Brief: If you forgot the user password in Ubuntu, don’t worry. You can reset Ubuntu password very easily. This guide shows an easy method to change the root password in Ubuntu. The method should also be applicable to other Linux distributions.
Forgot the Ubuntu login password? It Happens.
If you don’t use Ubuntu for some time, it is only natural to not remember the password. Good news is that you don’t need to reinstall the entire operating system because of it. You can recover Ubuntu password easily.
The method mentioned here work for resetting Ubuntu password in VMware, dual boot or single install. All you need is a little bit of patience and run a couple of commands. You’ll reset the root password within minutes.
Reset Ubuntu password from the recovery mode
If you prefer watching videos over reading text, I have also made a video of this tutorial. Don’t forget to subscribe to our YouTube channel for more Linux tutorial videos.
Step 1: Boot into the recovery mode
Switch the computer on. Go to Grub menu. Generally, it appears automatically, if not then hold down the shift key until the boot menu appears.
If you are using Oracle VirtualBox or VMWare, you have to hold down the shift key when the logo of Oracle or VMWare appears.
In the grub menu, select the “Advanced Options for Ubuntu”:
In here, you’ll see the option to go to the recovery mode:
It will bring you a black screen with several lines of output being displayed in a flash. Wait for few seconds here.
Step 2: Drop to root shell prompt
Now you will be present with different options of recovery mode. Here you need to choose “Root Drop into root shell prompt“. Just press enter key to select this option. Like in the picture below:
You’ll see that when you select the root shell prompt option, an option to enter commands appear in the bottom. This is your root shell prompt and this is where you’ll use the commands to reset the password.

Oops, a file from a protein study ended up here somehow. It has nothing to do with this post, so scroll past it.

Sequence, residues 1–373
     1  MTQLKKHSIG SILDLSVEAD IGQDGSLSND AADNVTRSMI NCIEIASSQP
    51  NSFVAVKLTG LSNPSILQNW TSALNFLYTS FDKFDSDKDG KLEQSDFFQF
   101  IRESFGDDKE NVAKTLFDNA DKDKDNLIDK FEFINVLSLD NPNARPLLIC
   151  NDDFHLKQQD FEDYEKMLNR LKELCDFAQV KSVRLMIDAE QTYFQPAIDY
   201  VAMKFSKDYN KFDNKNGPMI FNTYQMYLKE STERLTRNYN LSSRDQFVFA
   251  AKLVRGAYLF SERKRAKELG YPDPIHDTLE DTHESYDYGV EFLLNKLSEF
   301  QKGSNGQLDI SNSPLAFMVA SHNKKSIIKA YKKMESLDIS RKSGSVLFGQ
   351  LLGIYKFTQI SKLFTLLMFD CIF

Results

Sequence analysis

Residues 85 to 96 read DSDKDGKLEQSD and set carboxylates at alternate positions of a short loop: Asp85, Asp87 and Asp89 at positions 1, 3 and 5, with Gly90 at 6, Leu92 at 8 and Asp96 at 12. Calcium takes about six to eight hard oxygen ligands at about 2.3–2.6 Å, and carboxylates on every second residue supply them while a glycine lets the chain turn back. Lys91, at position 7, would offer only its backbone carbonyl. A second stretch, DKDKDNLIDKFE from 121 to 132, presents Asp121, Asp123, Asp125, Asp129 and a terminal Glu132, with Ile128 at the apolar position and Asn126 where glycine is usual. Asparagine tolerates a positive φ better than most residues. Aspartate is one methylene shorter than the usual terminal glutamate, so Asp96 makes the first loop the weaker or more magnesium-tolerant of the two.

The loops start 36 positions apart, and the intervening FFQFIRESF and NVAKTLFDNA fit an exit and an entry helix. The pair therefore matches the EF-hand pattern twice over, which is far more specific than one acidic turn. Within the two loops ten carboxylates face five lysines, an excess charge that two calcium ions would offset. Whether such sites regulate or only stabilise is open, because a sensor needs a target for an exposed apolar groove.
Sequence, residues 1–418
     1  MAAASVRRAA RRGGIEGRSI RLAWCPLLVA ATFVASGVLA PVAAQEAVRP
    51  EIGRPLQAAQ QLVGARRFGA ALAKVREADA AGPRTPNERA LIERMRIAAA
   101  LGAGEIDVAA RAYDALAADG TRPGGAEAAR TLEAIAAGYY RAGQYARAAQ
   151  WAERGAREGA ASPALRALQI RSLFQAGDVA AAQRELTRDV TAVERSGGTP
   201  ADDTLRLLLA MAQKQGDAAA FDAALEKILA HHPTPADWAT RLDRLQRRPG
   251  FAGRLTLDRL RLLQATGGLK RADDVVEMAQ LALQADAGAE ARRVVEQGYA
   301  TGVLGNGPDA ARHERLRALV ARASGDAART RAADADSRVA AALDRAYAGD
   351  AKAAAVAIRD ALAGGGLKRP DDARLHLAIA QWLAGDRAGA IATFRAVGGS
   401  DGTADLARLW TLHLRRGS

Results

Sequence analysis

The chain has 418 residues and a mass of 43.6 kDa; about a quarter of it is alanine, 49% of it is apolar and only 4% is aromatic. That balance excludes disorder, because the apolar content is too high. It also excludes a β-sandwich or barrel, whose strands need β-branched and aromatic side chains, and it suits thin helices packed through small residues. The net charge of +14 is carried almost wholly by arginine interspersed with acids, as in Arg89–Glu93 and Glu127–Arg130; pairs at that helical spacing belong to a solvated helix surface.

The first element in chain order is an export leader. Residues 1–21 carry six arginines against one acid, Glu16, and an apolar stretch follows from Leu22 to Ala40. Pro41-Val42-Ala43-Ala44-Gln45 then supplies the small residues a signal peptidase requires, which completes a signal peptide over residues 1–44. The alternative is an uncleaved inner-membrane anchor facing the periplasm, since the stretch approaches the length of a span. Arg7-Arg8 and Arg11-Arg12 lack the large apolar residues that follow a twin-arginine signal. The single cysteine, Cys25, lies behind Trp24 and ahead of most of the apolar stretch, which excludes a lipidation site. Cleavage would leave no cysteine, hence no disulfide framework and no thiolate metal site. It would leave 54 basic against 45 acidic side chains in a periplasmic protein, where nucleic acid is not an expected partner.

Step 3: Remount the root with write access
You need to have write access to the root partition. By default, it has only read-only access.
Use the command below to remount it with write access:
mount -rw -o remount /
Step 4: Reset username or password
Here, you will be presented with root access. Use the following command to list all the users available:
From the previous command choose the “username” for which you want to reset or (say) hack the password. Now, use the following command to reset the password for the selected “username“:
It prompts for a new password. Enter the new password twice:
Enter new UNIX password:
Retype new UNIX password:
Voilà! There you go. You have just successfully reset the password. Now exit the root shell prompt:
When you exit, you’ll be back to the recovery mode menu. Select normal boot option here.
There will be a warning about graphics mode compatibility. Don’t worry. A complete reboot will fix the issue if there is any.
You should be able to log in with the new password.
While entering the new password you might be prompt with Authentication token manipulation error like this:
passwd username Enter new UNIX password: Retype new UNIX password: passwd: Authentication token manipulation error passwd: password unchanged
The reason for this error is that file system is mounted with read access only. Change the access and remount the file system in the following manner:
mount -rw -o remount /
Now try to reset the password again. It should work now.
As you can see, it is extremely easy to change Ubuntu password even if you forgot the login. It will hardly take a few minutes.
If resetting Ubuntu password is this easy, is this not a security risk?
That’s a fair question. One of the main advantages of Linux over Windows is the security. But if ‘anyone’ can reset the password, how come Ubuntu or other Linux distributions can be considered secure?
Let me explain a few thing here. The main security risk is if someone could hack your account from a remote location via internet. That’s not happening here.
If anyone has physical access to your computer, the data in your computer is already at risk. Unless the entire disk is encrypted, anyone can ‘steal’ your data using a live USB without even entering your installed operating system.
Ubuntu by default doesn’t have a root password and the root account is locked. The user account you set up while installing Ubuntu is included as an admin with sudo rights. But that doesn’t mean that you are root.
This lack of root password is a feature and the “advanced option for Ubuntu” in the boot menu allows you to preform some specific root related tasks from the “root shell prompt”. This is why you are able to reset Ubuntu password through this method.
If you want to make your system more secure, you can either encrypt the disk (to save your data) or setup a password for root user in Ubuntu.
Did it help you?
I hope I made things clear about resetting forgotten password in Ubuntu.
Did this quick tip help you to recover your admin password? Do share in the comments below.